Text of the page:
Frankly, I didn’t expect this. I had thought that I was part of the hunting party. It struck me late that I was the bait.

After The Policeman reviewed the register of vehicles checked that night, he rolled up the window-glass, and we resumed our journey. Less than a minute later, he switched on his wireless set. Had the news of the “inspection” already been relayed on the network? No, it seemed.

At the next checkpoint, guess what…there was no checkpoint. There was no “Stop and Proceed” barrier, and the two constables on the spot allowed my alien car to cruise.

For a brief while, we stopped at the police headquarters in the heart of the town. When we resumed our journey, we crossed an intersection twice, but none of the policemen standing there flagged us down. Perhaps my DL9 had got a “stealth” shield thanks to my co-passenger.

About a hundred metres past the intersection, I stopped the car and The Policeman got out irritated. He walked back to the intersection, stood a few metres behind the constables, only to discover that mine was not the only car going un-searched. After five minutes of “non-stop” entertainment The Policeman had had enough. He phoned the officers in charge. Two police jeeps with flashing lights appeared on the scene, and The Policeman explained the scene he had been watching. The officers passed on lessons to the constables. A few constables came towards my car to inquire what I was doing there, and on their way back, woke up a guy who was drunk and sleeping on the nearby pavement.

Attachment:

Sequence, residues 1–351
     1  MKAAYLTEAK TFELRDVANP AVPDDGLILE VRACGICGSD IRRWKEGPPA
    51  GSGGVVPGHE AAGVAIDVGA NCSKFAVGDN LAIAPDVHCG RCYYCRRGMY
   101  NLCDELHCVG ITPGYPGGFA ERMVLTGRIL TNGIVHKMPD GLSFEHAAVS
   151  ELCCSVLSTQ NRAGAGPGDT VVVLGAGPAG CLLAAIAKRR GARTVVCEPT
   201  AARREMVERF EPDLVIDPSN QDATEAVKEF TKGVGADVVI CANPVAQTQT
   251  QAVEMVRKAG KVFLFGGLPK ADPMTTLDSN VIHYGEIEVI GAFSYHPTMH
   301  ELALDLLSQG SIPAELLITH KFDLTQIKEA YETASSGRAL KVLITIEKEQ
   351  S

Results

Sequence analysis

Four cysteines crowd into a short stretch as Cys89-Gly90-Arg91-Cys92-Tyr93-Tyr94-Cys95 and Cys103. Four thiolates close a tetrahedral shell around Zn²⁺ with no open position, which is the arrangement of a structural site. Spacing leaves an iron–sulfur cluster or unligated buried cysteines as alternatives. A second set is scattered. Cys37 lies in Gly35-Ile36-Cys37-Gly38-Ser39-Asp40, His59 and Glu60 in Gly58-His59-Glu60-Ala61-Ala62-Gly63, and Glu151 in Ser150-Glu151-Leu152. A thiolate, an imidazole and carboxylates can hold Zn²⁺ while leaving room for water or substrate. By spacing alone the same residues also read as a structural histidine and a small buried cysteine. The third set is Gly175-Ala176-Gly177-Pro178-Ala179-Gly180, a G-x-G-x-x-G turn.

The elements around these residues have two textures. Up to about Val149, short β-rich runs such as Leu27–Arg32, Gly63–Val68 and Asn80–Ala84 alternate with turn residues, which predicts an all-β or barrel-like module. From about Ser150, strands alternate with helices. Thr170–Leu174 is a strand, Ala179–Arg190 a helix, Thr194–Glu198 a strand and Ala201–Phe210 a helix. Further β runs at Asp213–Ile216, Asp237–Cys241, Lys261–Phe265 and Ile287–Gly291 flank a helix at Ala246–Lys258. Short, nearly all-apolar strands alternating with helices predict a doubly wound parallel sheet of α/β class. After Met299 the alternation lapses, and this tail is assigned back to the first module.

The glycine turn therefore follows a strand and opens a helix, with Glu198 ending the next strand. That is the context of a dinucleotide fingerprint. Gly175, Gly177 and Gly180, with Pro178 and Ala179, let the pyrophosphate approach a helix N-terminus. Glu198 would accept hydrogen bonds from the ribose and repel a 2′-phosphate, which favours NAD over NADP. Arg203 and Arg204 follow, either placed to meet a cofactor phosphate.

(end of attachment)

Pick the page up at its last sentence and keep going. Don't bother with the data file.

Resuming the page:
The Policeman and I moved on, towards the railway station. Seeing policemen a few metres away, I swerved to the left, as if to evade them. Two constables rushed in waving their hands, indicating that I should pull over. This time, the policemen were on my side of the car, and hence did not see my co-passenger. They peered through the window and upon finding the backseat empty, asked me to open the boot. The search over, one constable’s eyes fell on my co-passenger, and out came the salute. The Policeman reviewed the register. As we moved on, we crossed the previous intersection — the inspectors were still giving lessons to the constables.

Time for a break. Burger, french fries, and coffee (finally!). We talked about policing, people and the personal, and hit the road again at 3 am.